Use this URL to cite or link to this record in EThOS: http://ethos.bl.uk/OrderDetails.do?uin=uk.bl.ethos.583933
Title: Risk regulation of tissue engineering in the EU : a political economy of medicine
Author: Geesink, Ingrid
Awarding Body: Cardiff University
Current Institution: Cardiff University
Date of Award: 2006
Availability of Full Text:
Access through EThOS:
Access through Institution:
Abstract:
Tissue engineering is an emerging biomedical innovation surrounded by potentiality and risk. Based on documentary analysis and expert interviews, this study discusses different constructions of risk according to main constituencies (scientists, clinicians and manufacturers), the way they prioritise and balance these risks, and how issues are framed as problematic or not. Complexity and uncertainty are the main drivers in this exercise, interpreted in terms of boundary drawing around contested risk domains. This is followed by a discussion of the translation of risk into regulatory policy, by focusing on two recent legislative initiatives by the European Commission: one to control the quality and safety aspects of human tissues and cells (DG SANCO Directive) and the other to facilitate the marketing of tissue engineered products in the EU (DG Enterprise Regulation). These two legislative initiatives aim to overcome the current regulatory lag in Europe, where tissue engineered applications are either unregulated or subject to a broad variety in national controls. This situation is problematic for manufacturers wanting to market their products in Europe, for regulators in evaluating the risks of these technologies and defining an appropriate approval route, and for patients in terms of unequal access to potentially beneficial therapies across the continent. Firmly rooted in ambitions to make the EU a techno-scientific and bio-economic powerhouse, regulation of this domain is troubled by competing agendas of promoting trade versus protecting public health. Social and ethical considerations about the impact of tissue engineering technology allow a reconsideration of the bio-society as alternative model, taking into account the technological as well as social character of innovation.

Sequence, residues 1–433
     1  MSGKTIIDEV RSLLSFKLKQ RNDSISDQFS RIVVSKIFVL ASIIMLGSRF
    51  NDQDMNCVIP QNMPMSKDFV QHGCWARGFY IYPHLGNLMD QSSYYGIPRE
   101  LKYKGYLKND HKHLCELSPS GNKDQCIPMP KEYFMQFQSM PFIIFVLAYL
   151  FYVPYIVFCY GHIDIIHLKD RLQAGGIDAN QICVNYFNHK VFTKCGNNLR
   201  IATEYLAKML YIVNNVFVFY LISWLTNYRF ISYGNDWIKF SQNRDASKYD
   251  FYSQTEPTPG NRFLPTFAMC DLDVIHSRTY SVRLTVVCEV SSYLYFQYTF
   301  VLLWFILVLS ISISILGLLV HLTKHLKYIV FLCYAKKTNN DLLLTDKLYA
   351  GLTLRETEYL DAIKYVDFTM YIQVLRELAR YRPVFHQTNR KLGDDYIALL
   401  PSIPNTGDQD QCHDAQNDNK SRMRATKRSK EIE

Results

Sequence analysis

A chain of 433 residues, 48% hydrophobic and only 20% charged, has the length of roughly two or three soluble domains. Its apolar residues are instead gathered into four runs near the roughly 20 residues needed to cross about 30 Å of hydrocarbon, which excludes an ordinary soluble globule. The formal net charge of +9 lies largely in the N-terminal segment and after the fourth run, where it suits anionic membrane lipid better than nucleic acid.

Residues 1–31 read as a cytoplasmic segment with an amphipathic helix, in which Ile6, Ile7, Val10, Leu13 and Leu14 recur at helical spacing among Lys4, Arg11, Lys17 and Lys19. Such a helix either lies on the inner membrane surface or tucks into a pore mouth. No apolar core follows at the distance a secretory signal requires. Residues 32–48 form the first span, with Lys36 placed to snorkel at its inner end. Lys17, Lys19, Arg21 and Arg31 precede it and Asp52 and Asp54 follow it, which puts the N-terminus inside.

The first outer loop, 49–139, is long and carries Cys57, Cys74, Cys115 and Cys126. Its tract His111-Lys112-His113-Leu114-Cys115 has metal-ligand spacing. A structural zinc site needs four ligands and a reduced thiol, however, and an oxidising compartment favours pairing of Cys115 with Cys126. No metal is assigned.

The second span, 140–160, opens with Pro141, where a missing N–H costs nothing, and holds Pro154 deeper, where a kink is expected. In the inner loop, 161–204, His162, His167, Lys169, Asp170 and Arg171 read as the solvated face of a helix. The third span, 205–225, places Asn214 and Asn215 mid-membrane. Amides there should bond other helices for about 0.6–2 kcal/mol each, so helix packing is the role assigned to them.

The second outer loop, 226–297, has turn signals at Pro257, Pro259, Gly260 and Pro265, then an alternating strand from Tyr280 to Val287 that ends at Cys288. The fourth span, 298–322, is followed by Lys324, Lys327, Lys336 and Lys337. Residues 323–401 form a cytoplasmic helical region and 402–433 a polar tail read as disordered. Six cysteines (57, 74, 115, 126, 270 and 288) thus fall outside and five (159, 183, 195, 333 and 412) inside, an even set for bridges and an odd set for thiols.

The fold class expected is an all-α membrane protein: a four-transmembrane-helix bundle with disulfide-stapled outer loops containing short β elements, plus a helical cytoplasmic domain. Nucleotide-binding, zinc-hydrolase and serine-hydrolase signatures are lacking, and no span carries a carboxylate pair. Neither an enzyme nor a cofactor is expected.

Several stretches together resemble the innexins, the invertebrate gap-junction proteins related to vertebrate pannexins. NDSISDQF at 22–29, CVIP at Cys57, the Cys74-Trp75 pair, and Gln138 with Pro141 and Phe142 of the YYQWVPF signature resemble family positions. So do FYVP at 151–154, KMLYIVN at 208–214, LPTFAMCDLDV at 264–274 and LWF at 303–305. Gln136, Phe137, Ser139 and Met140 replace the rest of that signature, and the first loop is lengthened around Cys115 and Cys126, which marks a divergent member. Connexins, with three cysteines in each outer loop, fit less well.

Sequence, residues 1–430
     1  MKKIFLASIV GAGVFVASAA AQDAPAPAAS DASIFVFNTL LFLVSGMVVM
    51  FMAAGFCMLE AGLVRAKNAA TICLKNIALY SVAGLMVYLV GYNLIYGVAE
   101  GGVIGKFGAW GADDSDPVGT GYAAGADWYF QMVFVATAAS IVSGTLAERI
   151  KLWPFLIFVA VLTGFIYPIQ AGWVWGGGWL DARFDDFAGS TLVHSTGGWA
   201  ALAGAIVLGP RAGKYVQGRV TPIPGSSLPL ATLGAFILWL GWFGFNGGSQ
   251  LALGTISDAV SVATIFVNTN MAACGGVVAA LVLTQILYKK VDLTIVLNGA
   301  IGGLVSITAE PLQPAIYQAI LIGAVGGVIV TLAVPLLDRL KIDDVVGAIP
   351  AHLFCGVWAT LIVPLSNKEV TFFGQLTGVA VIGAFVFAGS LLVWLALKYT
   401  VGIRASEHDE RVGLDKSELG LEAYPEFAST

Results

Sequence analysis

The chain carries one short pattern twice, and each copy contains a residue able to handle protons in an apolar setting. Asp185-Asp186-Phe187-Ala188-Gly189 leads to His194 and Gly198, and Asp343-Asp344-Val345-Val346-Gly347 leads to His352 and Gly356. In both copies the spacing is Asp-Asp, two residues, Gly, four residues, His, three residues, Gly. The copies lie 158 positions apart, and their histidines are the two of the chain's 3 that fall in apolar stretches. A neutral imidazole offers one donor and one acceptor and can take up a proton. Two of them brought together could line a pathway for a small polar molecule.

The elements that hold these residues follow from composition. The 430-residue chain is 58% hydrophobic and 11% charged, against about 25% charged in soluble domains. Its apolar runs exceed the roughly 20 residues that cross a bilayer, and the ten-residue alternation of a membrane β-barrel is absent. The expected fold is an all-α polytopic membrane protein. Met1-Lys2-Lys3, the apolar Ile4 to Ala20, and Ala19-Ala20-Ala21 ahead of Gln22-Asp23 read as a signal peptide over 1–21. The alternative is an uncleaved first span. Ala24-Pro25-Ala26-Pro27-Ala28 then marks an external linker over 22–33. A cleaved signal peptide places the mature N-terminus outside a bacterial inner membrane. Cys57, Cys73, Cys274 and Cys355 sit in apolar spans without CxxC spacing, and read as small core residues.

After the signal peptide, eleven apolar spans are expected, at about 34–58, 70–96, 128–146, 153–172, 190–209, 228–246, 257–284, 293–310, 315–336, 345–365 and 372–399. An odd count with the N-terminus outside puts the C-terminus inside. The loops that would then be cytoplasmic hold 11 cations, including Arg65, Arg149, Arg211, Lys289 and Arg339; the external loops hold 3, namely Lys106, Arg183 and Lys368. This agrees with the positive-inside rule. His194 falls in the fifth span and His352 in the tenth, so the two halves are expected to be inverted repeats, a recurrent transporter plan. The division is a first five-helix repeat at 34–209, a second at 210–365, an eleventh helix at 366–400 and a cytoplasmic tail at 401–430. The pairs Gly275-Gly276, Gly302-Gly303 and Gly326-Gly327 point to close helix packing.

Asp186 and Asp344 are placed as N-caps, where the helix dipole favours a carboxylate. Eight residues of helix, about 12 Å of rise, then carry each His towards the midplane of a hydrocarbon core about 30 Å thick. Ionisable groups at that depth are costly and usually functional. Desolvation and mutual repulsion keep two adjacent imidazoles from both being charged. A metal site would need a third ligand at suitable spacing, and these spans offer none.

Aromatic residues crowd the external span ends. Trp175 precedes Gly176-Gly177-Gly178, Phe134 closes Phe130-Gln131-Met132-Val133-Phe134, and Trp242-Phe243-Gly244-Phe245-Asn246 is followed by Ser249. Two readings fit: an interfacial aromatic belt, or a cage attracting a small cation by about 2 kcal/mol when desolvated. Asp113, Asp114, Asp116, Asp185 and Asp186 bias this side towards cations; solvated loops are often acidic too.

Supervisor: Not available Sponsor: Not available
Qualification Name: Thesis (Ph.D.) Qualification Level: Doctoral
EThOS ID: uk.bl.ethos.583933  DOI: Not available
Share: